Floating Clouds (Ukigumo)

According to Audie Bock, author of “Japanese Film Directors”:
“Just in the last decade, a broad selection of the works of Naruse Mikio has come to light, and a new master of the Japanese cinema has emerged. His directing career spanned the end of the silent film era in the early 1930s, the difficult war years, and the rise of a whole new generation and style of filmmaking in the 1960s. Throughout, Naruse developed, retained and refined his own style and his own world view.
“Naruse's work, like that of his contemporaries Mizoguchi Kenji (1898-1956) and Ozu Yasujiro (1903-63), received its greatest critical acclaim in the two ‘golden ages' of the Japanese film, the mid-1930s and the mid-1950s. His sophisticated talkie comedy Tsuma yo bara no yo ni (Wife! Be Like A Rose!), which won the Kinema jumpo (Motion Picture Times) magazine Best One award for 1935, even made its way to New York under the release title Kimiko, one of the very first Japanese films to be shown abroad. Naruse appeared at the top of the polls again in 1955 with a tragedy, Ukigumo (Floating Clouds), an adaptation of poetess-novelist Hayashi Fumiko's intense psychological study of a young woman's determined devotion to a weak-willed, barely responsive man. Naruse's colleague Ozu named this film as one of the two he himself could never have made....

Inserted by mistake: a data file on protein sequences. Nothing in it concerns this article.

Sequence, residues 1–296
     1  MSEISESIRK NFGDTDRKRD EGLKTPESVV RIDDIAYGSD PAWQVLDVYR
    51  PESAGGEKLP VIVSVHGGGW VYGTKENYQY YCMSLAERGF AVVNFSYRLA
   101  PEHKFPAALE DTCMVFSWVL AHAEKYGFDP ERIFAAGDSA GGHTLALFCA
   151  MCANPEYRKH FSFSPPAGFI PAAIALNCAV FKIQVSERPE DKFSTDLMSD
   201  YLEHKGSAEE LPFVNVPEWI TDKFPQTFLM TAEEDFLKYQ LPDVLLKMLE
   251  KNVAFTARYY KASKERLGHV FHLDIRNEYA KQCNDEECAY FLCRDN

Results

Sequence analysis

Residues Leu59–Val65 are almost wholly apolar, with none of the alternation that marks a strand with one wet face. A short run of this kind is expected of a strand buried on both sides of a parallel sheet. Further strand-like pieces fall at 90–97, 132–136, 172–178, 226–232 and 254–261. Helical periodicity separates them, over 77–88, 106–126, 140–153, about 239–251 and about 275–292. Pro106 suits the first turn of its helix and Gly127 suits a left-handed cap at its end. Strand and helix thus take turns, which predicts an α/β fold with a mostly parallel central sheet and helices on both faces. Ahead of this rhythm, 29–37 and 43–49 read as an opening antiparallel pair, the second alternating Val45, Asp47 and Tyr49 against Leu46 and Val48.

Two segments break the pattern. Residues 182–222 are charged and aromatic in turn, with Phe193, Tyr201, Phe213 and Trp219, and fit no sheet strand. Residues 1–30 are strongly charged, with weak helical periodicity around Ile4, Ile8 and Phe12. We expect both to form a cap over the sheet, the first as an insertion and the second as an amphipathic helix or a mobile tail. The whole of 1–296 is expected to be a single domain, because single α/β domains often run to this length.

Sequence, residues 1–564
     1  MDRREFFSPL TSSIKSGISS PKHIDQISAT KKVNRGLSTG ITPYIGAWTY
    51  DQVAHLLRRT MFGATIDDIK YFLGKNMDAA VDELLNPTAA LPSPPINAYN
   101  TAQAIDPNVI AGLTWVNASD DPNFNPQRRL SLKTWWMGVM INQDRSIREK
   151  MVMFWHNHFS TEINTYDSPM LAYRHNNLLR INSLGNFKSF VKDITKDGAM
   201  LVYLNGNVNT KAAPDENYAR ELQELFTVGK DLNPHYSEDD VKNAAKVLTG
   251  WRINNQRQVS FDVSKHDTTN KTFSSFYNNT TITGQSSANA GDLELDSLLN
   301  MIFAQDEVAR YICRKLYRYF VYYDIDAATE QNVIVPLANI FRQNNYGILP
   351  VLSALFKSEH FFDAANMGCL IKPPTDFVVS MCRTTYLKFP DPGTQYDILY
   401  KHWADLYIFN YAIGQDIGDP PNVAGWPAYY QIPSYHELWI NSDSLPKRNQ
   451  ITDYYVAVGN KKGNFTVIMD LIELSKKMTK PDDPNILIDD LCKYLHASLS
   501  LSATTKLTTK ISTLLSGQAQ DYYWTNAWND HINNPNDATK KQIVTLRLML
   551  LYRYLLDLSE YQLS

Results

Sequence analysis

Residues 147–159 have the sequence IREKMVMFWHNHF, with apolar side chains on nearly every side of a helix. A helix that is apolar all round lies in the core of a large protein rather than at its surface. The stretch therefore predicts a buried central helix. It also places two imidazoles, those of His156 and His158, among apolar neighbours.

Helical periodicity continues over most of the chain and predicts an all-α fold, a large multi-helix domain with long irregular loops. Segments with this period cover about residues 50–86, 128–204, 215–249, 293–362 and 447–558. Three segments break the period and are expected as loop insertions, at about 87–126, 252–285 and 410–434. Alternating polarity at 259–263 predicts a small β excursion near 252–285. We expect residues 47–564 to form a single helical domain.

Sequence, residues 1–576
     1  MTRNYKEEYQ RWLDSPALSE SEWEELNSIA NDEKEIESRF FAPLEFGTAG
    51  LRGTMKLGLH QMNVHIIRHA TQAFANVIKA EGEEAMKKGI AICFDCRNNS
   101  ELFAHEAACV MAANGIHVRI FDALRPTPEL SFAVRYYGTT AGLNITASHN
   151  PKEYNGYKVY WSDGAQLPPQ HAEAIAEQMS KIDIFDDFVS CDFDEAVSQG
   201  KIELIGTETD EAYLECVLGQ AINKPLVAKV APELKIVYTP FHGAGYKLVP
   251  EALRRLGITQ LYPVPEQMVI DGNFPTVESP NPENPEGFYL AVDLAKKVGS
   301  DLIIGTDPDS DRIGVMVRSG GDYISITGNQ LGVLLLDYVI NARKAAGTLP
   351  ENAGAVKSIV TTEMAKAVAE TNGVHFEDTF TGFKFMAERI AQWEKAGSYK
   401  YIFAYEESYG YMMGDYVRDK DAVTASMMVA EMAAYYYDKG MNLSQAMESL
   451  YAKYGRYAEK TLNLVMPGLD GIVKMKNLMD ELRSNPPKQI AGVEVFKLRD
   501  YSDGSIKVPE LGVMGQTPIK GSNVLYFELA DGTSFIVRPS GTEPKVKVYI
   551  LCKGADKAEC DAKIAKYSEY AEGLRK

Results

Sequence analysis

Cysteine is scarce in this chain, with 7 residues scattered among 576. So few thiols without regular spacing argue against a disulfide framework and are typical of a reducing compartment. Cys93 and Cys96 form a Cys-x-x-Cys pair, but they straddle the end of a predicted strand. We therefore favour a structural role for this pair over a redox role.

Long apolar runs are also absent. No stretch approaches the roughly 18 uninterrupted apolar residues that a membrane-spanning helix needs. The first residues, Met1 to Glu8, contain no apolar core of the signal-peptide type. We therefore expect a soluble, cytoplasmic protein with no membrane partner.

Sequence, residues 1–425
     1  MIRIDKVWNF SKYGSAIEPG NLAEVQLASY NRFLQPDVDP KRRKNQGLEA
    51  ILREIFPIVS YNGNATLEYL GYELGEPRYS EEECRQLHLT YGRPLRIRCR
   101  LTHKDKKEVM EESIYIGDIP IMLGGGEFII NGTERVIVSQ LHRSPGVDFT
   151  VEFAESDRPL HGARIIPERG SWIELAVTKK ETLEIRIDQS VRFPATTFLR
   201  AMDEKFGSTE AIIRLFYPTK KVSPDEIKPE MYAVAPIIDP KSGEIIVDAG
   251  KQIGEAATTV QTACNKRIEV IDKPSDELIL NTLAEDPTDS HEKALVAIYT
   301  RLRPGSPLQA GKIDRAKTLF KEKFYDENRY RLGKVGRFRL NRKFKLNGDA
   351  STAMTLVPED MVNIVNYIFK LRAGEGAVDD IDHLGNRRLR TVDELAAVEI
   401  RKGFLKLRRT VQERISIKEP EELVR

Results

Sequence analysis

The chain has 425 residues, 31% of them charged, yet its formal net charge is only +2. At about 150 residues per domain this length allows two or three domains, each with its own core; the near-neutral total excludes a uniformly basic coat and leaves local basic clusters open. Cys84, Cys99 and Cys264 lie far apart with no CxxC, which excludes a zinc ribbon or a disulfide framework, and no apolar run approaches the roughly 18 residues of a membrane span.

“If the films of Ozu offer the possibility of contentment through the acceptance of life as it is, and the films of Mizoguchi offer suggestions of transcendental peace and forgiveness, the films of Naruse offer no comfort. His protagonists take full personal responsibility for their actions, and they almost invariably proceed knowingly on a course of self-destruction. The Naruse film becomes not a polemic against the oppression of women in society, but through women an observation on the inevitability of betrayal by life itself. That his women go on fighting, clinging to an illusion of free will, that Naruse himself went on fashioning stories of disappointment reveals the deepest and most honest kind of attachment to the pathos and absurdity of the human struggle. The lesson of the Naruse film is that life will always be disappointing, but our compulsion to go on doing is in itself awe-inspiring - whether for its foolhardiness or its courage, it is the human condition and the first inspiration of the artist.”

This page may by only partially complete. For additional information about this film, view the original entry on our archived site.